Dow Record: Three tales of ups, downs and changes
NEW YORK – When the Dow first crossed 14,000, investors were overjoyed. When it closed at an all-time high of 14,253.77 on Tuesday, it wasn't so much a time for celebration as it was for reflection.
It's been a long five and a half years.
The ups and downs of the market touched us all in some manner. Jobs were lost. Retirements were delayed. Even those who came out mostly unscathed were still reaching for Alka-Seltzer during the many turbulent days.
Through it all, the stock market has slowly climbed back. And many of us have been left with a much more pragmatic view of the economy.
To mark the new record, The Associated Press asked three people to reflect on the fluctuations in the Dow Jones industrial average and how it shaped their own experiences. Here are their stories:
FROM WALL STREET TO LIFE COACH
Vanessa Loder is the ultimate type-A person, the kind who's often attracted to Wall Street. A self-described perfectionist. An overachiever who graduated Phi Beta Kappa and summa cum laude from Columbia University while playing Division I varsity soccer.
"I thought it wasn't good enough to be smart or athletic, I needed to be both."
After college, there were jobs at Morgan Stanley and JP Morgan. By age 24, Loder was making $250,000 a year.
Loder then headed to Stanford Graduate School of Business, where she was co-president of the ski club. After graduating, she took a job with a San Francisco private equity firm.
It was the spring of 2007 and the stock market was on fire. Her hours were consumed with deal after deal.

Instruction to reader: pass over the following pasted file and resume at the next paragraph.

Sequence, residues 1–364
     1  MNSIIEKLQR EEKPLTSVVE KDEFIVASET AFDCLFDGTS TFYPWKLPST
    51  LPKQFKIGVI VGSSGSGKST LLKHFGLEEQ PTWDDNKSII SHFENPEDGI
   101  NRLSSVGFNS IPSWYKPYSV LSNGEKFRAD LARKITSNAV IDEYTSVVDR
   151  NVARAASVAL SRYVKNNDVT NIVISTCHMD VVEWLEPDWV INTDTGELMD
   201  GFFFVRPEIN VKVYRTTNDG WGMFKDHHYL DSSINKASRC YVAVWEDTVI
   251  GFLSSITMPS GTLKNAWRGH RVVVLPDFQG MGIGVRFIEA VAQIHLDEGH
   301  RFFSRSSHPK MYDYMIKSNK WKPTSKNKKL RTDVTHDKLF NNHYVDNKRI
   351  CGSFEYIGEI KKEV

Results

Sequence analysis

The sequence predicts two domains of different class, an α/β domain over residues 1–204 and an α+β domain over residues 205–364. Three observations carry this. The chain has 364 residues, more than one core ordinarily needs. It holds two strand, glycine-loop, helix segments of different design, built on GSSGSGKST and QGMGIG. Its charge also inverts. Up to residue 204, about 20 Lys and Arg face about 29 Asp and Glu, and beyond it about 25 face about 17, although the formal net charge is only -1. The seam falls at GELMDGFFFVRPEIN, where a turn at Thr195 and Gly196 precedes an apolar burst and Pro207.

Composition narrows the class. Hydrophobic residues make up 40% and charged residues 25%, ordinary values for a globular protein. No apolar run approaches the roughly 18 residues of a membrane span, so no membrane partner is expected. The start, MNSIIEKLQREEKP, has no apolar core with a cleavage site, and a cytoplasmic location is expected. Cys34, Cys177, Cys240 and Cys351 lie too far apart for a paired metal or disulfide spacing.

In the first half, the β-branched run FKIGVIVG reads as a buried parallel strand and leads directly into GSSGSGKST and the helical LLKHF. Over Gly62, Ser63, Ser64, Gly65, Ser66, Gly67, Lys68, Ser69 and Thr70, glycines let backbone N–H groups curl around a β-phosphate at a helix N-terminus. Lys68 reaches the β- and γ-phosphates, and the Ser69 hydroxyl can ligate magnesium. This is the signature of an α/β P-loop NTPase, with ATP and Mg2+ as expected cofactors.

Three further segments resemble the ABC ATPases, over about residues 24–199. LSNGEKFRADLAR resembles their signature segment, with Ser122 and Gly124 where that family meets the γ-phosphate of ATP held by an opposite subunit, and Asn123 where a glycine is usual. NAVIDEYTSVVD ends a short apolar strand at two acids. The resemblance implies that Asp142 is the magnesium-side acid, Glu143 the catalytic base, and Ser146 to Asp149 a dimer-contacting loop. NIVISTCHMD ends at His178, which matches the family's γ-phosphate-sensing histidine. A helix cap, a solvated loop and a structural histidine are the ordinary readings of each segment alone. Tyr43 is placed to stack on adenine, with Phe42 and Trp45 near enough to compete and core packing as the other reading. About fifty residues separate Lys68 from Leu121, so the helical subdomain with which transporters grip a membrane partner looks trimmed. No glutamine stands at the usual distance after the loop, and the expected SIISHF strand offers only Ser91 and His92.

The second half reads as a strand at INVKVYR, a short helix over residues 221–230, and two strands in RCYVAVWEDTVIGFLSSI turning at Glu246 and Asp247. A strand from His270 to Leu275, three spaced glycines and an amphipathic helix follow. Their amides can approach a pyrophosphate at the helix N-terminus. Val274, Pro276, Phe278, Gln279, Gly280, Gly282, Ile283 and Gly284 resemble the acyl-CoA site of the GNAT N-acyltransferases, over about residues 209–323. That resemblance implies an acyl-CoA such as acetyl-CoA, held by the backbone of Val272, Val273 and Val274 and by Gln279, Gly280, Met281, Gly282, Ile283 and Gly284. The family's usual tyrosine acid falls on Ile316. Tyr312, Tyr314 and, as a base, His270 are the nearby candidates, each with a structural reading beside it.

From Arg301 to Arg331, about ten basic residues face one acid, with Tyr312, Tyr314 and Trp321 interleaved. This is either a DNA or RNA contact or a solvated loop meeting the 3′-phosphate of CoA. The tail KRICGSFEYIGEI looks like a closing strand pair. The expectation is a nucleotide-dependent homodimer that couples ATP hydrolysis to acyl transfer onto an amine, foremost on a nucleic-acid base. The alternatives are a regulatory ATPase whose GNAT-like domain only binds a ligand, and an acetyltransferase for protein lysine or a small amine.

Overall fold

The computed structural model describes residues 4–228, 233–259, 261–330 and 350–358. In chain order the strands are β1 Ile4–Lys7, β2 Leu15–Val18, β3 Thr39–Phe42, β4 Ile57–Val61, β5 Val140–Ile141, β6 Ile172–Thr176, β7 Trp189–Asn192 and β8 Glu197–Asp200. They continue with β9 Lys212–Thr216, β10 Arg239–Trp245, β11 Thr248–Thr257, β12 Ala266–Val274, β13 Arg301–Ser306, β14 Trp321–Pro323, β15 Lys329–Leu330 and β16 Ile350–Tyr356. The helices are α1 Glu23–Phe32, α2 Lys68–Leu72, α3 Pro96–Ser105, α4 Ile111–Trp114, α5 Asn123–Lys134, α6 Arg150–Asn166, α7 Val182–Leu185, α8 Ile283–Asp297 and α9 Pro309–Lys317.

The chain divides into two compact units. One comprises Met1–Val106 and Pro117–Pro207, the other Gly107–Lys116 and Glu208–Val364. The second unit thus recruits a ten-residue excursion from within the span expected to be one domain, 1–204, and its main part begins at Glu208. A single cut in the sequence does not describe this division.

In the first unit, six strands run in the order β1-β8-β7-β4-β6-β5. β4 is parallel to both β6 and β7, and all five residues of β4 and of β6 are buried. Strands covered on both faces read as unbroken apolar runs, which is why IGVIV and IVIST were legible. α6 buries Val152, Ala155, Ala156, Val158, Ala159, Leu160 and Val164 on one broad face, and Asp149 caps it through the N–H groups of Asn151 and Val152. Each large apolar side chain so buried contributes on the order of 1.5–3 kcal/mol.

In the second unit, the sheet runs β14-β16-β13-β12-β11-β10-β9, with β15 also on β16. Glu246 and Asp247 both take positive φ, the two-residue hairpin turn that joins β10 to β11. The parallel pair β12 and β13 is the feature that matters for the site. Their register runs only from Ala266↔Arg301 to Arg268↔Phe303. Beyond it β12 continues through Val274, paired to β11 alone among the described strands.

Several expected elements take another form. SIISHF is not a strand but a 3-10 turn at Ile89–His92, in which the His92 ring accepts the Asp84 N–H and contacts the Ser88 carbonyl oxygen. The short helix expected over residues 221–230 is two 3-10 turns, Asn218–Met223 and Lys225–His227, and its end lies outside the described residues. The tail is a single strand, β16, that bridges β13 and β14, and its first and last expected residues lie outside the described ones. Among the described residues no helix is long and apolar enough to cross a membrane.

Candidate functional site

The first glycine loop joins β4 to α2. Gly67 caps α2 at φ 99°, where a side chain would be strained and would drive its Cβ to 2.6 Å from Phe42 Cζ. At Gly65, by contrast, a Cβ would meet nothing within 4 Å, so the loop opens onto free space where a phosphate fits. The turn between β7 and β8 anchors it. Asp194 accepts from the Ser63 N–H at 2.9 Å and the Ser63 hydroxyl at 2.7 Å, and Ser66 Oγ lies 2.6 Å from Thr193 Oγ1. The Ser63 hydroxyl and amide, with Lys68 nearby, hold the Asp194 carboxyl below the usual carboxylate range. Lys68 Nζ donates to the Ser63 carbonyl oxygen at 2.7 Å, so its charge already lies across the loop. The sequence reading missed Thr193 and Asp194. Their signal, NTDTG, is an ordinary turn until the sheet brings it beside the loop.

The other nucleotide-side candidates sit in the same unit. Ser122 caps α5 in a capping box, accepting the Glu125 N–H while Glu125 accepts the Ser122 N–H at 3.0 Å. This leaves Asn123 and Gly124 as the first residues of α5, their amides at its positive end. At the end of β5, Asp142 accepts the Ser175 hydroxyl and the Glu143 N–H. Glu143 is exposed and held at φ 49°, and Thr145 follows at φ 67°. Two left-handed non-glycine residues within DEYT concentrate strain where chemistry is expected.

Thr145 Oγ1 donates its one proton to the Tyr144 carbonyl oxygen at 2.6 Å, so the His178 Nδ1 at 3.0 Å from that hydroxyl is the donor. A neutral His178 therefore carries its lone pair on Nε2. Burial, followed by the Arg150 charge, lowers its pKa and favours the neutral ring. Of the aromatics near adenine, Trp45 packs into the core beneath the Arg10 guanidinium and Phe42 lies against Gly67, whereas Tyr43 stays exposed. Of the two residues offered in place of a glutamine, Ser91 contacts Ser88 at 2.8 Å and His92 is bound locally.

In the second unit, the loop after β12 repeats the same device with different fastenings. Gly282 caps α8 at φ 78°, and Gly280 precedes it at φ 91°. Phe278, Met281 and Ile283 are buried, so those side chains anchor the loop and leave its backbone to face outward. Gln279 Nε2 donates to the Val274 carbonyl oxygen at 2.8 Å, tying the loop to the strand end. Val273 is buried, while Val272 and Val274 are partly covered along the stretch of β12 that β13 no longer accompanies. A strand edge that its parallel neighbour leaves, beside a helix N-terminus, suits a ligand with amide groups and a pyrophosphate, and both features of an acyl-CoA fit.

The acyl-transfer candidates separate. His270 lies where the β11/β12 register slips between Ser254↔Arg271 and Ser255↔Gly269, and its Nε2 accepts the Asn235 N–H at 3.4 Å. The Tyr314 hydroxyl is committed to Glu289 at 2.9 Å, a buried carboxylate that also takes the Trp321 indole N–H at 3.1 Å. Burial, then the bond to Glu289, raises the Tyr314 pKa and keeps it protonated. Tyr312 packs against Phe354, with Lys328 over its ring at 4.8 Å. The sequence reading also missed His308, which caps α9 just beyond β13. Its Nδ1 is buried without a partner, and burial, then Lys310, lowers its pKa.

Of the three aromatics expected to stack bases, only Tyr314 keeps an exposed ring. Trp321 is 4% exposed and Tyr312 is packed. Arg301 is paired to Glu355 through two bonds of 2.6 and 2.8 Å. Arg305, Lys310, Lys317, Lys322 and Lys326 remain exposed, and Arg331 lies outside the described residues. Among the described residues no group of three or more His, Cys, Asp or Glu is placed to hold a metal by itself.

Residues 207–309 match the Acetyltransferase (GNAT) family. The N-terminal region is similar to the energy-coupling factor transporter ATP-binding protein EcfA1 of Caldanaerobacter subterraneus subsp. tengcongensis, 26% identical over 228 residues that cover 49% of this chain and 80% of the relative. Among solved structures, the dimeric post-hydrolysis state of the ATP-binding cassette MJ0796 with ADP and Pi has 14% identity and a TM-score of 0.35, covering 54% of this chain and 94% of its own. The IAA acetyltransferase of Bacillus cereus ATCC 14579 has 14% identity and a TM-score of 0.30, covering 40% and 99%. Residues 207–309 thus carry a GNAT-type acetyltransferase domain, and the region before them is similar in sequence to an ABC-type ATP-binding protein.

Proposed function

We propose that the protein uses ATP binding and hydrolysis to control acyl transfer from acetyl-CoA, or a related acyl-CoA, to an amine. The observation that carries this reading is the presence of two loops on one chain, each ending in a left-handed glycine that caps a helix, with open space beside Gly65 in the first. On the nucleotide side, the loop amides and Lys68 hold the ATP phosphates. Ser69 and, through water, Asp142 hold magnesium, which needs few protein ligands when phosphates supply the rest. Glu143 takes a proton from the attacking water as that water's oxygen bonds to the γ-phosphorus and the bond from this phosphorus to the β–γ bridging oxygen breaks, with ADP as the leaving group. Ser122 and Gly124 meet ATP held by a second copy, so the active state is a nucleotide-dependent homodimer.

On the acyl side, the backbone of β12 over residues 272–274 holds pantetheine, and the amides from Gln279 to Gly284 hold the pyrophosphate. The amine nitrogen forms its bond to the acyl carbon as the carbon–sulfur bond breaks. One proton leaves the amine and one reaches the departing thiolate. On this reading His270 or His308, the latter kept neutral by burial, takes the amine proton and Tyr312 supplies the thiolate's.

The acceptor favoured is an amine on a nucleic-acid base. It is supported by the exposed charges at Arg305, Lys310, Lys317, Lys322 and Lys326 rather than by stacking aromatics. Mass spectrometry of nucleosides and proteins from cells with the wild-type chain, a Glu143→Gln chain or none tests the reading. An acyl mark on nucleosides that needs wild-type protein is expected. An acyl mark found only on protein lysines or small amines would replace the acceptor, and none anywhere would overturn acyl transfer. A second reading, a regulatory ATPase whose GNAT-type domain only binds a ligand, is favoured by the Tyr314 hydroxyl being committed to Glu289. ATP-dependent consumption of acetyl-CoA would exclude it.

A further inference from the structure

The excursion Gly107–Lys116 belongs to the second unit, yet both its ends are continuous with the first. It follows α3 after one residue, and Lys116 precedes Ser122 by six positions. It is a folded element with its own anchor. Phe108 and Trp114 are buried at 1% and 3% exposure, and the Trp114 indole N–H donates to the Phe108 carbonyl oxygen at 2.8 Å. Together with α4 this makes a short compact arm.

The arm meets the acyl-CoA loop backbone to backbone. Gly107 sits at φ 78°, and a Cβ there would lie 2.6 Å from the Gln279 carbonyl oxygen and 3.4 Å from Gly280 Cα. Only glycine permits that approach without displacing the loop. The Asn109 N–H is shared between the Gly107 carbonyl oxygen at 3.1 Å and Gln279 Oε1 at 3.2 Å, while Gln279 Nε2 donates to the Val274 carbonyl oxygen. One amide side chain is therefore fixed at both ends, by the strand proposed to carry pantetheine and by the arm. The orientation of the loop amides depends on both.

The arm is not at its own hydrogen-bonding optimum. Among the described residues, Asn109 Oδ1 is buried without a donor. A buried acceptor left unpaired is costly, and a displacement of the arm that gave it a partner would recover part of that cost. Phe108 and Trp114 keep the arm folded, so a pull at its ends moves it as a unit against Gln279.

The Dow just kept climbing. In April, it crossed 13,000. By July, it had passed 14,000.
One of the firm's partners came out of his office and announced the milestone. Many workers had their own investments.
"We were cheering. Everybody was in a good mood," Loder recalls. "And then within a few months, it all came to a halt."
Debt markets dried up. Few companies wanted to do mergers or acquisitions. Those that did couldn't get a loan to finance the deal.
"We were literally twiddling our thumbs in '08 and '09," Loder says.
Boredom set in, and Loder questioned why she was drawn to Wall Street in the first place.
I was totally unhappy and I couldn't understand why," she says. "I just felt lost. I felt like something was missing from my life."
So she quit.
Soul-searching took Loder about as far from finance as possible. She learned hypnosis and techniques to get subjects to conjure memories believed to be from past lives. She spent 10 days doing a silent meditation retreat.
"All this crazy stuff out there, it actually works," she says. "I was kind of shocked."
Today, at 34, Loder runs her own business helping women in finance and Silicon Valley who are unfulfilled by their careers. The company, Akoya Power, runs group coaching programs, corporate workshops and luxury retreats, which can cost up to $12,000 a person.
"If the Dow kept hitting a new high each month, I would have been so busy with deals that I would haven't had time or perspective," Loder says. "I'm so grateful that the economy slowed down the way it did. That triggered my boredom, which made me realize how unhappy I was."
THE CALM ADVISER
Derek Kennedy spent the recession repeating the same message: stay the course.